Despite the difficulties of the BBT itself, I chose to hike it at the best time. I not only had dry weather the entire time, but I was also met with wildflowers, sunshine, and clear views of the ocean nearly the whole time as I moved west from Will Rogers State Historic Park to Point Mugu State Park.

While I did have more valuable conversations about responsible recreation while on the trail than I could count, the reason this trail is my most memorable adventure to date is because it proved to me that I was able to adventure again.

I’m a hiker with chronic pain after a series of injuries in 2020, and I truly never thought I’d be putting on a 30-pound pack again, let alone hiking 70 miles with it.

I grew up in the Santa Monica Mountains and trekking across them with the goal of helping educate about them before moving to Oregon was the best goodbye I could’ve imagined.

female backpacking with green scenery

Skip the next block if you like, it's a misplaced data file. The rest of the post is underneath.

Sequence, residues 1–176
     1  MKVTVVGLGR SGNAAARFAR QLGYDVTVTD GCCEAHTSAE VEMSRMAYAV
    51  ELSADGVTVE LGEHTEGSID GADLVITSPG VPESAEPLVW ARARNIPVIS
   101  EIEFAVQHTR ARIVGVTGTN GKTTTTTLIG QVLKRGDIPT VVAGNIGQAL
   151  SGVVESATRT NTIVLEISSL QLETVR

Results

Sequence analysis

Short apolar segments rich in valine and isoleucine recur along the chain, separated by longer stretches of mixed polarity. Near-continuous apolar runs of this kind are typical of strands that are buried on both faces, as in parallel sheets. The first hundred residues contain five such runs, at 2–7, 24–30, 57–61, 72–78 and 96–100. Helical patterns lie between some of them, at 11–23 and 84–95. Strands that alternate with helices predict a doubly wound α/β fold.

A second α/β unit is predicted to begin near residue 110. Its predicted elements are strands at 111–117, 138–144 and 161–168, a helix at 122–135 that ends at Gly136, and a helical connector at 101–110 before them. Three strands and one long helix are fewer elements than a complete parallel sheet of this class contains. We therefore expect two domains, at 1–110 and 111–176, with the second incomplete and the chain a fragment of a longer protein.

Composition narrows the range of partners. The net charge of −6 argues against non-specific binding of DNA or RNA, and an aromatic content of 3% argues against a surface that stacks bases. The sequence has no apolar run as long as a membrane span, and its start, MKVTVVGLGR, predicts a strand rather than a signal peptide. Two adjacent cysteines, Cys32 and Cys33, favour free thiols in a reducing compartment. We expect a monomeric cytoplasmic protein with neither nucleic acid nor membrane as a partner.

Ah, how empowering. Hiking the BBT will definitely be an experience you will remember forever. Would you say it is your favorite trail also?

While the Backbone Trail is always going to be one of my most memorable, my favorite trail will always, always be the Grinnell Glacier Trail in Glacier National Park.

While it’s only a day hike, it’s about 11 miles with a lot of incline up to one of the few glaciers we can still witness up close in the lower 48 (without needing gear for mountaineering). The peak of this hike is a close-up view of the glacier itself isn’t even the only amazing thing about this hike. The trek up to the glacier is equally as breathtaking.

The trail passes bright blue lakes, incredible mountain views, and a waterfall (you can get sprayed by it!). You even have the potential to see some wildlife like bears and bighorn sheep.